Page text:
Secret weapon: Airmen initiative can shape our future

  • Published
  • By Brig. Gen. Darryl W. Burke
  • 82nd Training Wing commander
Anyone who has served in or around the military has a favorite story they love to tell about the frustrations of dealing with "the bureaucracy."

We're not always so willing to admit that sometimes we're part of the problem. We like to think of the bureaucracy as a formless entity out there slowing down the work we need to get done. But the truth is that bureaucracy is often us.

If we're honest with ourselves, we'll recognize we've all had our moment in the bureaucratic sun, a time when we were too overwhelmed or too tired--or too afraid--to deal with change or new ideas. After all, saying "no" is easy and safe, and facilitating change is hard and risky.

Bureaucracy is not so much a thing as it is an attitude. It says "no" to an idea without really considering it. It's what makes people say, "But we've always done it this way." It focuses on why we can't, instead of on how we can.

But here's the cold, hard truth: the Air Force can't afford to have its leaders at any level take the bureaucratic approach to doing business.

Our fleet is aging, our infrastructure is getting older, our personnel, medical, and entitlement costs are rising and the budget is tightening. After nearly 20 years of continuous combat operations, we are asking more and more of fewer people. In this climate, we just cannot afford to adopt a "just say no" attitude toward new ways of thinking.

What we need instead is a culture of initiative.

Today's Airmen are the smartest and most creative we've ever had. They've grown up in an era of unprecedented innovation, they are wired to think differently and they have the enthusiasm to drive the change we need.

In Haiti, I witnessed firsthand what happens when you let Airmen lead out and take initiative. Airmen were on the ground in Haiti within 24 hours of the devastating January earthquake. Twenty-eight minutes after their boots hit the ground, they were controlling air traffic. In a week, they were safely landing 164 aircraft a day at an airfield that normally handled a tenth of that traffic.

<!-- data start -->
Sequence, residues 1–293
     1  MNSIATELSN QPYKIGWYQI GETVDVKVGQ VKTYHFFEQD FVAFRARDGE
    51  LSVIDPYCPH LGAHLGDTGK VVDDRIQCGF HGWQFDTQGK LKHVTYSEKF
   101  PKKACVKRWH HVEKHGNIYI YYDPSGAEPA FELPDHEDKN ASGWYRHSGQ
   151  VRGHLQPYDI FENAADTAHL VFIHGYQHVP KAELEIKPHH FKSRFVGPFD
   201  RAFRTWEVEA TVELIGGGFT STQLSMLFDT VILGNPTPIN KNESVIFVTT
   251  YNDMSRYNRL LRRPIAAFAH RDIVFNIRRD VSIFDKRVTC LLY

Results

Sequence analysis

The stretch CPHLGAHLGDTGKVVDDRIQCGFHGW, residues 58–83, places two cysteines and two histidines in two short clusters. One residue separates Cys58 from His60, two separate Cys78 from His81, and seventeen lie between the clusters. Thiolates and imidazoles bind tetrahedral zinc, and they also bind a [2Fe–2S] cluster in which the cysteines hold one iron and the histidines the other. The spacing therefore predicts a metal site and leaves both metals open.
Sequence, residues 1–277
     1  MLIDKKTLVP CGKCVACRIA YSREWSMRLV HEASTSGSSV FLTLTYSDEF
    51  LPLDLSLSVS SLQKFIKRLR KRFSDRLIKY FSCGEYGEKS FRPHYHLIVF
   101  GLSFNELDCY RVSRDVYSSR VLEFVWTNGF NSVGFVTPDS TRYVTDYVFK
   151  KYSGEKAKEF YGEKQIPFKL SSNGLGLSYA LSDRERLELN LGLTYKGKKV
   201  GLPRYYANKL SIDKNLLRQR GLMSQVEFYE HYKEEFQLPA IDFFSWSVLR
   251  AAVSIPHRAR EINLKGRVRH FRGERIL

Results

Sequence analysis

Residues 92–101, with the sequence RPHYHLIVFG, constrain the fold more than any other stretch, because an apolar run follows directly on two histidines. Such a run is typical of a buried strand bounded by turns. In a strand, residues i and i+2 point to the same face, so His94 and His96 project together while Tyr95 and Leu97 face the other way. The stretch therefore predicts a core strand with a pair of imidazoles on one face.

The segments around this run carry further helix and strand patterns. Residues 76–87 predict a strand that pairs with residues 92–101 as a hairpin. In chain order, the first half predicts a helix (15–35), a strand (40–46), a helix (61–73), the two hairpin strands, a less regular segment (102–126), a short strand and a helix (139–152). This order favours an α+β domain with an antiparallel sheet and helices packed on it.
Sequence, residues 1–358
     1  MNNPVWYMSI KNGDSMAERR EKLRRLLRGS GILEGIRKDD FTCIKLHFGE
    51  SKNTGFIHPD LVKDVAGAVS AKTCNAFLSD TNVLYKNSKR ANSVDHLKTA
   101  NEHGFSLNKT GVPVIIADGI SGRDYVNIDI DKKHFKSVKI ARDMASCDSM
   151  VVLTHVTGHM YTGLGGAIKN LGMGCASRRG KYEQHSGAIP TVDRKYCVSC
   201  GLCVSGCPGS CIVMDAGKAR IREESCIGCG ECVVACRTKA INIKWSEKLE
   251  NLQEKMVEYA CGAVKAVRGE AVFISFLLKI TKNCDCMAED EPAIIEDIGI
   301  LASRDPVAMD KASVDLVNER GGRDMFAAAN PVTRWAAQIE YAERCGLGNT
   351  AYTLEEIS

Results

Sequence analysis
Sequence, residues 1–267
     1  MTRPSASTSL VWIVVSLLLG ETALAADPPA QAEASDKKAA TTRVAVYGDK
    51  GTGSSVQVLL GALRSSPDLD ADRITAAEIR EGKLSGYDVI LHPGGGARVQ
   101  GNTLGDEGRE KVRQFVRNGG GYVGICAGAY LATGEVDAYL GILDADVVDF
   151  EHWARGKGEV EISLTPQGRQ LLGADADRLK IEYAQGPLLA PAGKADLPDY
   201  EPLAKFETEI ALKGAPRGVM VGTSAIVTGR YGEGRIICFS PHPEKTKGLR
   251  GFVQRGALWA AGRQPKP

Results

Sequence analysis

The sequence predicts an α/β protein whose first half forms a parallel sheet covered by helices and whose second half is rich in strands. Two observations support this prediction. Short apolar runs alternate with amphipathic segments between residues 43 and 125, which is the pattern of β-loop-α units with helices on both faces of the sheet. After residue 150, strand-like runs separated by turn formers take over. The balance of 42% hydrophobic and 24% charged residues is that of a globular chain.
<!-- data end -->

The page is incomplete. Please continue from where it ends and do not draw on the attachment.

While that was going on, an Air Force Expeditionary Medical team arrived. There were no safe buildings to operate from, so they cleared a space on the sidewalk and went to work caring for the injured. By the time the U.S. Navy hospital ship USS Comfort arrived off shore on Jan. 20, Air Force medics had been at work for a week.

Our Airmen didn't wait around for someone to tell them what to do or how to do it. There were no manuals to tell them how to operate in a country where the infrastructure had been utterly destroyed and half a million people killed or injured.

But they seized the initiative and did miraculous things.

I saw the same thing as commander of the 380th Air Expeditionary Wing. Faced with what seemed like an unending stream of challenges, I learned that the secret to success was to unleash the creative genius of Airmen. Given the chance, they took the initiative and found solutions I could never have imagined.

A wise man once said, "It's hard to win a horserace when you're hollerin' 'whoa!'" Well, we're in a horserace of sorts. From strain on our people to strain on our budgets, the pressure is on. At the end of this race, will we remain the world's greatest Air, Space and Cyberspace force?

I'm confident we will, if we follow in the footsteps of those who came before us and stop "hollerin' whoa!" Our predecessors did not build the mighty U.S. Air Force of today by taking the easy road and wrapping themselves or their careers in bureaucratic safety. Instead of saying, "No!" they said, "Why not?"

Challenging the boundaries of what's possible is our heritage. If we want to win this horserace, we have to unleash our greatest and most powerful resource--our young officers and enlisted Airmen and their untapped well of genius.

Leadership is the key. Will we allow the innovative ideas of our Airmen to become casualties of bureaucracy because we are afraid of change or of failure? Or will we do all we can to expose their ideas to the light of day, and take a chance on them?

If we choose the first course, we doom ourselves to a future of mediocrity--nothing truly great is accomplished by people acting out of fear.

If we choose the second course--as those who came before us did--the possibilities are limitless.

We are the U.S. Air Force, and we overcome impossible challenges by doing what others say is impossible. The secret is initiative: if we give our Airmen the freedom to shape the future, they will win the day.